Hoffman points out that parent average is dependent on the accuracy of records—knowing who the sire and dam are. Plus the reliability of Parent Average for production traits in a commercial herd is roughly 20 to 25%, says geneticists. Hoffman prefers genomic testing because it has higher reliability (65 to 70%) and will correctly identify parents.

But geneticists point out that a tripling of reliability does not equate to a tripling in accuracy. To get to the issue of accuracy, you have to take the square root of the reliability. So the accuracy of Parent Average for production is about .5. The accuracy of genomics is .84. Consequently, genomics is more accurate, but not 3X more accurate.

And then there’s the issue of cost. Genomic 6K or 9K chips cost in the range of $50. But to find the bottom 20% without using parent average, you have to test everybody. So the $50 test becomes $250. Perhaps that makes sense in Scenario 2 if you’re trying to save $2,000/head in rearing costs. It probably doesn’t in Scenario 1—unless you’re a registered breeder also trying to find the very top-end heifers for flushing and sexed semen treatment.

You can read Hoffman’s entire presentation on heifer performance variation here.

For more on genomic testing:

http://www.uwex.edu/ces/heifermgmt/documents/DairyHeiferGenomics101.pdf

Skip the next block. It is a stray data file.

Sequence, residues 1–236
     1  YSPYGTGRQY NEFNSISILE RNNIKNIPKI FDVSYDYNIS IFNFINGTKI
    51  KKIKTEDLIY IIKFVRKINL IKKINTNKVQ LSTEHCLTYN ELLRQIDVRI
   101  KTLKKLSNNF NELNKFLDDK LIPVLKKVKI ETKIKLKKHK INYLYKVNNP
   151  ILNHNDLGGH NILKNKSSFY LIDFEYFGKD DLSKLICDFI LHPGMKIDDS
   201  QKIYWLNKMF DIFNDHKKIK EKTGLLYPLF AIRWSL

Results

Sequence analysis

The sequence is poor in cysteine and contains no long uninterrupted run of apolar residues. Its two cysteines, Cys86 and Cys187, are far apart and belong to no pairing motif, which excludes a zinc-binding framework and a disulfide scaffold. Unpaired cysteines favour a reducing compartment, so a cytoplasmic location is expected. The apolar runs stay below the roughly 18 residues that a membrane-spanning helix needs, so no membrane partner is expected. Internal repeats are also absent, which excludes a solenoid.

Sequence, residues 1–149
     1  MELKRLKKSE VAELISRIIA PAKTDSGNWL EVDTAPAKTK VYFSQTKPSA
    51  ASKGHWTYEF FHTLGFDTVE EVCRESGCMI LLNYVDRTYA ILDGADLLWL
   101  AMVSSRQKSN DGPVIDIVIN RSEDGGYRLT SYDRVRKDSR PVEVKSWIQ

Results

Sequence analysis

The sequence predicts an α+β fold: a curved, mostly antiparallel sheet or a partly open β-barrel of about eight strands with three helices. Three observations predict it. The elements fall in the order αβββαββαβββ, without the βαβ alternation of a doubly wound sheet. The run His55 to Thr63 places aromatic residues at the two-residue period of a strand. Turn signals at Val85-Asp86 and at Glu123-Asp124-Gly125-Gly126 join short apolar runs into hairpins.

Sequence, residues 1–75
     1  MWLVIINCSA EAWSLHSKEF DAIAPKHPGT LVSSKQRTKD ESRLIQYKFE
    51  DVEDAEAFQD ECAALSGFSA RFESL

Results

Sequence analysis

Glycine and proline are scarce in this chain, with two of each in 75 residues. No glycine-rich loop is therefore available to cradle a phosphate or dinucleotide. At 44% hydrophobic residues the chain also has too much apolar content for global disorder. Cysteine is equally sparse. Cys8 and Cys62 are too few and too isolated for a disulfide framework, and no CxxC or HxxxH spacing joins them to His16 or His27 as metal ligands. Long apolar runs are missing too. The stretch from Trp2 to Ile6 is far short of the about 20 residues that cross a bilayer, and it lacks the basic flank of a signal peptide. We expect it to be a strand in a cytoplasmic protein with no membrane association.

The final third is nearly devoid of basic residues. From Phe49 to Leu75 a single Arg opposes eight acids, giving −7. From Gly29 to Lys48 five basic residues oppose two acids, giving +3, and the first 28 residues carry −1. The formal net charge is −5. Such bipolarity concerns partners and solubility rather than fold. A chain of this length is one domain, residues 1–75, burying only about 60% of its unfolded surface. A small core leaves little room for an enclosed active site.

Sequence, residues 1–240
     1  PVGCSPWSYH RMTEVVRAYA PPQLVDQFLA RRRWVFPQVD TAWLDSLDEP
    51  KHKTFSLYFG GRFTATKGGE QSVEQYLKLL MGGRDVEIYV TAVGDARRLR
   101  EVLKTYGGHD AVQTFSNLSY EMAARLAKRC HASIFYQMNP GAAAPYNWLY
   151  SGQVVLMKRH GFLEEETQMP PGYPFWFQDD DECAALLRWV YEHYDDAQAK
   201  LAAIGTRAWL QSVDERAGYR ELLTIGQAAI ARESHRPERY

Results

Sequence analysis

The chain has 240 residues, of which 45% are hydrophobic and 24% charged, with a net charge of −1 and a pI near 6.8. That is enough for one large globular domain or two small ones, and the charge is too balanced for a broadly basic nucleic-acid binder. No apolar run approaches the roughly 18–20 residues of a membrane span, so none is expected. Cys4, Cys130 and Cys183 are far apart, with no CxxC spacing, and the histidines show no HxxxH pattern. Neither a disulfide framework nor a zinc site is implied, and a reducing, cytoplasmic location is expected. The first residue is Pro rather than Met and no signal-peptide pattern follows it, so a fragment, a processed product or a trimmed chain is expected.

Formalized Employee Management: What’s the Tipping Point?

Jun 30, 2014

How Wisconsin’s John Pagel learned to successfully handle more cows and more people.

At some point in every expanding dairy’s growth, you will have to formalize how you manage employees with full-blown job descriptions, regular employee meetings and job performance reviews.

For John Pagel, of Pagel’s Ponderosa Dairy LLC, Kewaunee, Wis., the tipping point came when he upped cow numbers from 1,500 to 3,650 cows in 2009. At 1,500 cows, he was already managing 65 employees. But that number shot up dramatically when he grew cow numbers 145%. Currently, he employs 140 employees to milk 5,000 cows, manage 5,200 replacements and farm 8,500 acres.

"At 1,500 cows, we thought we knew what we were doing. But when we more than doubled our herd size in 2009, we found out that we didn’t," he says.

He soon learned there was no way he could manage that many employees by himself. "I now manage eight managers and they manage 120 people," he says.

Now, he has a mission statement, organization chart, employee manual, job descriptions, a mentoring program for new employees, formalized job and safety training, and follow-up programs to shortcut seemingly inevitable procedural drift. He has a 6:30 a.m. managers’ meeting Monday through Thursday each week to discuss what’s happening each day. The managers, in turn, keep their crews in the loop.